Tax refunds this filing season have rebounded after a slow start, now averaging higher than last year’s figures. The average tax refund this year through February 22 was $3,143, marking a 1.3 percent increase from last year, according to IRS data released on February 28.
Many Democratic lawmakers have blamed the Tax Cuts and Jobs Act (TCJA) (P.L. 115-97) for tax refunds averaging smaller at the start of the filing season. However, smaller refunds are actually good news, according to Treasury and several top Republican lawmakers. “Smaller refunds mean that people are withholding appropriately based on their tax liability, which is positive news for taxpayers,” a Treasury spokesperson previously told Wolters Kluwer.
Tax Filing Season Oversight
In related news, the House Ways and Means Oversight Subcommittee announced on February 28 that it has scheduled a March 7 hearing to examine this year’s tax filing season. National Taxpayer Advocate Nina Olson is expected to testify.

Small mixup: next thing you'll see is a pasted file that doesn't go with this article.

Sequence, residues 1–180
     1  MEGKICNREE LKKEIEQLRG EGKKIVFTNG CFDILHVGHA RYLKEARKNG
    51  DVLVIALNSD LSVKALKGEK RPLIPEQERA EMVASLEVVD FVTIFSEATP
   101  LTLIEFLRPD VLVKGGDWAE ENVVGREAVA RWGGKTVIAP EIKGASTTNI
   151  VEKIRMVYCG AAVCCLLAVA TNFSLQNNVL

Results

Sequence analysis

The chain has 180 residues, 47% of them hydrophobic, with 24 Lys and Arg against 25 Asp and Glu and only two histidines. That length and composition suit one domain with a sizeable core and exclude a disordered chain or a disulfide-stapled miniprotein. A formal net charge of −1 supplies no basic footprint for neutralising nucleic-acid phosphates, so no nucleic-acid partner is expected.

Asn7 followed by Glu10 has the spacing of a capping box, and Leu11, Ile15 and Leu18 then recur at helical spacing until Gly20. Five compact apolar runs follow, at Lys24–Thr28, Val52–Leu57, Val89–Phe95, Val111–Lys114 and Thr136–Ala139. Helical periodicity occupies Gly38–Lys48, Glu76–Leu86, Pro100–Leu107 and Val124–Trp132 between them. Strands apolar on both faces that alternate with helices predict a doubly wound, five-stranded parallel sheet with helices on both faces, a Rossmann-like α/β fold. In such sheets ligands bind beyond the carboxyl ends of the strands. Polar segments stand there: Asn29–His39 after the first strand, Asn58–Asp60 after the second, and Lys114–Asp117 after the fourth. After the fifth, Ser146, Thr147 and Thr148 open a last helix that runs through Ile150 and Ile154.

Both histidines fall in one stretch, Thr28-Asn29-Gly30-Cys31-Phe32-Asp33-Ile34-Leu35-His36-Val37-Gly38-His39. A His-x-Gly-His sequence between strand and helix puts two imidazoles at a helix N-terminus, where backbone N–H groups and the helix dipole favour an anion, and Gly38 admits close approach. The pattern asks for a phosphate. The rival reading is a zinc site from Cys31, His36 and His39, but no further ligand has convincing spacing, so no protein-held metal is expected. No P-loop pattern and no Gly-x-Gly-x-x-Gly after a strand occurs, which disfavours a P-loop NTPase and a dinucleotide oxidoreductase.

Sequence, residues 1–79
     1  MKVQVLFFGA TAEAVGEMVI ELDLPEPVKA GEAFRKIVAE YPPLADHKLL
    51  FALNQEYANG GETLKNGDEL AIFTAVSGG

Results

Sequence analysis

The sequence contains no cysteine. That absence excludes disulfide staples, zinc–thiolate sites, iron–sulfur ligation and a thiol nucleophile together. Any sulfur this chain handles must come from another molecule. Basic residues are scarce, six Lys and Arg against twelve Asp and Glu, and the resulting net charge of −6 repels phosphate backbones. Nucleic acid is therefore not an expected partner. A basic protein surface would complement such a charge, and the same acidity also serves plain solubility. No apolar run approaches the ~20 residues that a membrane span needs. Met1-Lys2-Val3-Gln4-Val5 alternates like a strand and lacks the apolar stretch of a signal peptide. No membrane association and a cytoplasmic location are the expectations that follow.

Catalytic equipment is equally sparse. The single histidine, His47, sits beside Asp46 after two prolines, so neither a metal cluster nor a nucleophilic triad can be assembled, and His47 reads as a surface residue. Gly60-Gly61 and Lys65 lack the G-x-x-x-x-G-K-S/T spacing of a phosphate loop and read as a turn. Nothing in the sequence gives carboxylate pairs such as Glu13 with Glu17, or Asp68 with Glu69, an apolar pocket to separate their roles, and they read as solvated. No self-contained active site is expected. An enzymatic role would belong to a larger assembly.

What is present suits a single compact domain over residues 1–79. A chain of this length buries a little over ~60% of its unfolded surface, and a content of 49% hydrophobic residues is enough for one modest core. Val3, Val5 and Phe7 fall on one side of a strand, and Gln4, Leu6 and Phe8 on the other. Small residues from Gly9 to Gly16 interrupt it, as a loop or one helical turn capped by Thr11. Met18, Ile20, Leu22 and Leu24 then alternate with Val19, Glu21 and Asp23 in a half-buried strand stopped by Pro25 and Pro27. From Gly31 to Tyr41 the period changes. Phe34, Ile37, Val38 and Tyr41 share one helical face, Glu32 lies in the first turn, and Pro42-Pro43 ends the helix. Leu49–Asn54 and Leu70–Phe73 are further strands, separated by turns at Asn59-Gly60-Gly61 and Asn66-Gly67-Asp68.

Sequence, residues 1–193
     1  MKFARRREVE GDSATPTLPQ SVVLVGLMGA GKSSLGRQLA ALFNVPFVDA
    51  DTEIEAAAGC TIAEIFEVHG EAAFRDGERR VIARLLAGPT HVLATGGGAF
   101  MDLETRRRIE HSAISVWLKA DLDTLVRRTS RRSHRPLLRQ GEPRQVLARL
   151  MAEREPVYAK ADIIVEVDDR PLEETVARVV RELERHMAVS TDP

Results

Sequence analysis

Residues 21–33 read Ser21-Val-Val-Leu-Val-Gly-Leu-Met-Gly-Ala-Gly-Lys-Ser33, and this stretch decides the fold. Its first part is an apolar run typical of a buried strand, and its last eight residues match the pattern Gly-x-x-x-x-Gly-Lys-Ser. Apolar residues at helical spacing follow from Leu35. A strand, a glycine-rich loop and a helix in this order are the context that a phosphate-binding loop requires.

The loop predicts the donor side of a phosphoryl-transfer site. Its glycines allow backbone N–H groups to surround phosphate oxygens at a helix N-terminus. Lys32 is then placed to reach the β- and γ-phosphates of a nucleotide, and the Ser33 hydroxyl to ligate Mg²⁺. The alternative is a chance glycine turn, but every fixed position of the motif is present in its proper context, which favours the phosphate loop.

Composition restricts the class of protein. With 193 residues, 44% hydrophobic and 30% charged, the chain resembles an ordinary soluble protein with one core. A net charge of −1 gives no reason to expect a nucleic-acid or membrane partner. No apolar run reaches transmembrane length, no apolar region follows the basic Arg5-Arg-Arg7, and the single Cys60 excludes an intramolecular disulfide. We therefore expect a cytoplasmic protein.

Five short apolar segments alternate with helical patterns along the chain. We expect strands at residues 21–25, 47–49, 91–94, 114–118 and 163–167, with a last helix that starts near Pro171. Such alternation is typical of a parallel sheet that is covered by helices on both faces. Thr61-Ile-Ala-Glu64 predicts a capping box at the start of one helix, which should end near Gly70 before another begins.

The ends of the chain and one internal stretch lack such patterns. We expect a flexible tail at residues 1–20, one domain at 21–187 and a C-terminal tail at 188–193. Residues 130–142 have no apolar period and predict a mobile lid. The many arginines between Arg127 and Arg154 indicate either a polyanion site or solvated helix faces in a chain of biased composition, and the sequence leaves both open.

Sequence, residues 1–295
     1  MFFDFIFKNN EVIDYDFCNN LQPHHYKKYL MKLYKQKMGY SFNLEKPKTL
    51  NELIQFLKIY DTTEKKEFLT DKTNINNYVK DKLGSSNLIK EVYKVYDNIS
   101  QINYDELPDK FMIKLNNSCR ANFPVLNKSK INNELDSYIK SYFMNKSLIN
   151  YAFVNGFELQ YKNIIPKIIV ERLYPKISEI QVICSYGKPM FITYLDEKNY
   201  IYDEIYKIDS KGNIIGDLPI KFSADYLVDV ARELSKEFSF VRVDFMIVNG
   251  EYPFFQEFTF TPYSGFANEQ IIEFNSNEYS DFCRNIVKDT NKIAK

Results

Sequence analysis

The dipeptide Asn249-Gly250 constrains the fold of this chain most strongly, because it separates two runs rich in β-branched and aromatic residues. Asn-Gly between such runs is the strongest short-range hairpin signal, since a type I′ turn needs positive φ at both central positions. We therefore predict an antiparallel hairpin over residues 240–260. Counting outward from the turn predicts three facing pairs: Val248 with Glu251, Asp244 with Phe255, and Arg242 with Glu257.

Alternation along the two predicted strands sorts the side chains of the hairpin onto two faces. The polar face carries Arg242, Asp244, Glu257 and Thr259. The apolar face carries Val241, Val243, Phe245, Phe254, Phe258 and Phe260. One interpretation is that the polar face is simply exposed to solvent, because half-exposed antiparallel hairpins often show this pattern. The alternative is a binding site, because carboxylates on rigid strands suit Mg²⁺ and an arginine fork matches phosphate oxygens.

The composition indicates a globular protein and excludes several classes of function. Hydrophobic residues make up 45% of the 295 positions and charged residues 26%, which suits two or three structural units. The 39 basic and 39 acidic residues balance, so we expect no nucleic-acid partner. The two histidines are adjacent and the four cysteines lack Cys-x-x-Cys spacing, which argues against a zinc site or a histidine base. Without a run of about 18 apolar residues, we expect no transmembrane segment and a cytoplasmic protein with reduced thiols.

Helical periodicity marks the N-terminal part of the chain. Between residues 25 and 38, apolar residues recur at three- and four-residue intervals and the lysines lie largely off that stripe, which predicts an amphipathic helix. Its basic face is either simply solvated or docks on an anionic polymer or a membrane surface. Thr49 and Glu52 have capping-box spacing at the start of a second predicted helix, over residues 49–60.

Neal Wants Form 1040 Answers
Meanwhile, House Ways and Means Committee Chairman Richard Neal, D-Mass., has “demanded” answers from IRS Commissioner Charles Rettig related to IRS Form 1040, as noted in Neal’s February 28 press release. Neal and Ways and Means Oversight Subcommittee Chairman John Lewis, D-Ga., expressed concern in a February 27 letter to Rettig that the IRS will not have provided certain information by the original deadline previously set forth by the lawmakers in a February 14 letter.
Neal and Lewis have twice now requested various information related to third-party analysis on the new Form 1040 and its six schedules. As indicated in the second letter, the lawmakers expect a response from the IRS by March 7. Notably, March 7 is also the scheduled date of the Oversight subcommittee hearing on the 2019 tax filing season.
By Jessica Jeane, Senior News Editor
2019 Filing Season Statistics for Week Ending February 22, 2019, can be located here.